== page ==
Russian Jamming Reducing Accuracy of US Guided Weapons in Ukraine: Experts

Russian jamming in Ukraine has become so effective that even US-made guided weapons sent to Kyiv may no longer hit targets accurately, according to several British military analysts.

A recent analysis by the UK’s Royal United Services Institute (RUSI) notes that while Moscow’s electronic warriors could not stop the Joint Direct Attack Munition (JDAM), their improved jamming skills are taking a toll on the weapon’s accuracy.

This reportedly happens despite multiple anti-jamming upgrades on the JDAMs.

According to the report, Russia’s sophisticated electronic warfare systems are simply drowning out GPS guidance signals from satellites, affecting the trajectory of smart weapons.

“The problem may well be the sheer power of the jamming signal that can be brought to bear,” RUSI researcher Thomas Withington said.

Apart from the JDAMs, the jamming could also be affecting the performance of the US-supplied High Mobility Artillery Rocket Systems, or HIMARS.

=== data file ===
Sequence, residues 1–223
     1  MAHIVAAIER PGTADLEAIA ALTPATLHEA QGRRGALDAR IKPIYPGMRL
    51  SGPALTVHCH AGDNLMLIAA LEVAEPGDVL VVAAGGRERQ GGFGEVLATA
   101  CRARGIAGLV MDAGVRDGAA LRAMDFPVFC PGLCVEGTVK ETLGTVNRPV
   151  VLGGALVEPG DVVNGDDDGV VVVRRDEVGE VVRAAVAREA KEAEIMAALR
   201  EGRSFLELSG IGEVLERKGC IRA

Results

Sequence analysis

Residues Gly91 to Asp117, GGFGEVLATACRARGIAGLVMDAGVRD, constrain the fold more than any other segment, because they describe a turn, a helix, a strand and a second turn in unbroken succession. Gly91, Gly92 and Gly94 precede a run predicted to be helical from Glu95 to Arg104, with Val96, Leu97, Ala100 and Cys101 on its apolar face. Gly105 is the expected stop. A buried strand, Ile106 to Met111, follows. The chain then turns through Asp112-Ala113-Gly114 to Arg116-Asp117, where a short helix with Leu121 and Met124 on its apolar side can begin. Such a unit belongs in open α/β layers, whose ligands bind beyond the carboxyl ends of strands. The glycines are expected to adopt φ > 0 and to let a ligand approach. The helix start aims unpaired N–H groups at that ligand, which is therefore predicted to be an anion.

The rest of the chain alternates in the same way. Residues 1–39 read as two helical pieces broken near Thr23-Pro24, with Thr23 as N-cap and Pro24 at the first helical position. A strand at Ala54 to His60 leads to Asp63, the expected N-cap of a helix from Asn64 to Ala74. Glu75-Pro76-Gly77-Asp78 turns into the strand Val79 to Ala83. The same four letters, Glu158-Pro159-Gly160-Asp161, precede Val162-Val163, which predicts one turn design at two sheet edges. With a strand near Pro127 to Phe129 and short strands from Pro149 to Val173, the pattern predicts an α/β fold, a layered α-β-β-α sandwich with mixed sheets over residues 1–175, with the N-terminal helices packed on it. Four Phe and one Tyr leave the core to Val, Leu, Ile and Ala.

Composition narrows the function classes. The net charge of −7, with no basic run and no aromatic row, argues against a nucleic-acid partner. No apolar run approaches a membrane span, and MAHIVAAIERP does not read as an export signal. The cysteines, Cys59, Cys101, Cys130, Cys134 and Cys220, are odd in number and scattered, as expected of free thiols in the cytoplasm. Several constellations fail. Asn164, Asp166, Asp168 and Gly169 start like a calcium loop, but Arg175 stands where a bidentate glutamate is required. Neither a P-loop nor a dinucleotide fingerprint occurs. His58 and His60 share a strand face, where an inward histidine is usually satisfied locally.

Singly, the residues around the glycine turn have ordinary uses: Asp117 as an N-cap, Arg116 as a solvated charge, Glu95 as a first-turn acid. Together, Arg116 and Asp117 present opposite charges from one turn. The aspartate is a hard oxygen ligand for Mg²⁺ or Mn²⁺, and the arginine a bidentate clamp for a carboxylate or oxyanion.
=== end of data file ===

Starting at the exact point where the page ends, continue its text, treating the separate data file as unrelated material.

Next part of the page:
Improved EW Capabilities

The American JDAMs have reportedly made a significant impact on Ukraine’s fight against Russian aggression.

The effect of the cost-effective smart bomb has unsurprisingly spurred Moscow to develop countermeasures.

Withington explained that the Russian Army currently operates the R-330Zh Zhitel, a truck-mounted jamming system, against GPS and satellite signals with 100 MHz to 2 GHz wavebands.

“Signals from the US GPS satellites which JDAM kits use are transmitted on wavebands from 1.164 GHz to 1.575 GHz,” he said, indicating that the weapon falls within the jammer’s catchment area.

Withington further stated that the Zhitel’s range has been increased to 18.6 miles (30 kilometers), with a 10-kilowatt jamming signal.

Ukraine drone
A Ukrainian soldier operates a drone to spot Russian positions. Photo: Sergey Shestak/AFP

Massive EW Campaign

Russia’s investment in counter-GPS technologies is part of a massive electronic warfare campaign to disrupt Ukrainian radio communications and drone operations.

RUSI stated that Moscow has now employed approximately one major EW system per 10 kilometers (6.2 miles) of frontage.

Such extended coverage has reportedly contributed to a Ukrainian drone loss rate of 10,000 per month.

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